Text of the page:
This panel discussion was co-sponsored by the Indigenous Art and Culture Round Table, the Decorative Arts Round Table and the Public Library Division, and was moderated by Madelyn Cook of the University of Arizona in Tucson.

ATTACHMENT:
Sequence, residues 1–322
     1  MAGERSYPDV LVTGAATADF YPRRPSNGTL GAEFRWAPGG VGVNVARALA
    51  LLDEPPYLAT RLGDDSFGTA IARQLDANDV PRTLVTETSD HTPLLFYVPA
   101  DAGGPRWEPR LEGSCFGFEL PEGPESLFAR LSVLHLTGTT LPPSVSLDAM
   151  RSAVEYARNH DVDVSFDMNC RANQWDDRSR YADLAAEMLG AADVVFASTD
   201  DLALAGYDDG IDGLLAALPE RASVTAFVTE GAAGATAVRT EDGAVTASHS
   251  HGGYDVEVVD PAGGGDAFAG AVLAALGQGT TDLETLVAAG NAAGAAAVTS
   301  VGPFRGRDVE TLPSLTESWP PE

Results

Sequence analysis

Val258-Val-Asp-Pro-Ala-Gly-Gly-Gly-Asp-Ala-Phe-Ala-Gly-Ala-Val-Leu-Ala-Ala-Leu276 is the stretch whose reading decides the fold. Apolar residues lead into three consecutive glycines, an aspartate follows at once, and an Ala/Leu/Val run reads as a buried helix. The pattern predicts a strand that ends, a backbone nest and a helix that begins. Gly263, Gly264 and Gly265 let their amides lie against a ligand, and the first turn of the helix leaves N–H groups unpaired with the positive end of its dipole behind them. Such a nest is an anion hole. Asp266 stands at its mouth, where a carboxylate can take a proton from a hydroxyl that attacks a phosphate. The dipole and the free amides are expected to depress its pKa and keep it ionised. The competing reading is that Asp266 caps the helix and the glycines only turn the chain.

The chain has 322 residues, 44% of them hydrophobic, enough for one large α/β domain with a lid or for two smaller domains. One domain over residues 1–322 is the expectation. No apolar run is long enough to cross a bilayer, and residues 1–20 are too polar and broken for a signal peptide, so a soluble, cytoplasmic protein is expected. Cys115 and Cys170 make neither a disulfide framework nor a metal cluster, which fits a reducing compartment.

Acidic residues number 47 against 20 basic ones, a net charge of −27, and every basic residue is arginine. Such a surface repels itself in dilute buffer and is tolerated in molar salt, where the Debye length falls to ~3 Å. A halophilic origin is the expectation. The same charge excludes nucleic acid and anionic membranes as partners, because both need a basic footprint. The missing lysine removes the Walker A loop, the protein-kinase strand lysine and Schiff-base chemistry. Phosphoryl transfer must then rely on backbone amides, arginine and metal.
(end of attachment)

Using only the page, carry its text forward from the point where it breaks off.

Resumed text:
ARLIS/NA member Paula Baxter, Curator of the Art & Architecture Collection, Research Libraries, New York Public Library opened the session. She recounted how serendipity played a part in forming her passion for collecting Southwestern Indian jewelry during a visit to Santa Fe while on the ARLIS/NA Executive Board. From that beginning, she has progressed in knowledge and expertise to a point where she has written articles and books on the subject. One of the greatest obstacles for the Native American artist to overcome is the restrictive nature of the market. Because buyers are predominately non-Indian and tourists, many will not accept designs other than traditional ones. Artists must come to terms with their own cultural identity while dealing with this situation. Only recently has this begun to change, with the first to break free of these stereotypical expectations being jewelry designers. There has also been a renaissance of decorative basketry in the last 20 years, and good pieces command very high prices. In the area of Navajo pitch pottery, recent years have seen the market encourage creation of "folk art" pieces rather than traditional ones. This involves clever carving, non-traditional shapes and somewhat controversial use of sacred symbology as decorative elements. Beadwork has also made a resurgence, and not only in the Southwest. Although most beadwork is still low-end tourist trade quality, some of the best individual artists have a high-end market. Ms. Baxter detailed the recent history of jewelry design, beginning with the "Classic" era of 1940s silversmithing. These are what we think of today as traditional designs - baroque shapes, heavy settings, symmetrical design. After World War II, more unusual materials, not just turquoise, and more modern designs came into use. Artisans enjoyed displaying their lapidary skills with these pieces. As the popularity of native jewelry increased, the potential for a certain garishness has seeped in to some designs, as imitators and less-talented artists take up the art. These can become so stereotypical, or avant-garde, that they lose impact. As for the literature, the old traditional boundaries are shifting. Many recent articles can be found with serious consideration of the decorative arts. Major periodicals include Southwest Art (popular, and includes Cowboy art), American Indian Art (scholarly) and Native Peoples (deals with cultural identity questions). For the inside scoop on the ethnic art market in the Southwest, nothing beats The Indian Trader. As for books, the native perspective was lacking until recently, with several titles actively challenging traditional views. Especially important titles are: Zuni: A Village of Silversmiths, by James Ostler (1996); Dialogues with Zuni Potters, by Milfor Nahohai (1995); Inventing the Southwest, by Kathleen Howard (1996); and Imagining Indians of the Southwest, by Leah Dilworth (1996).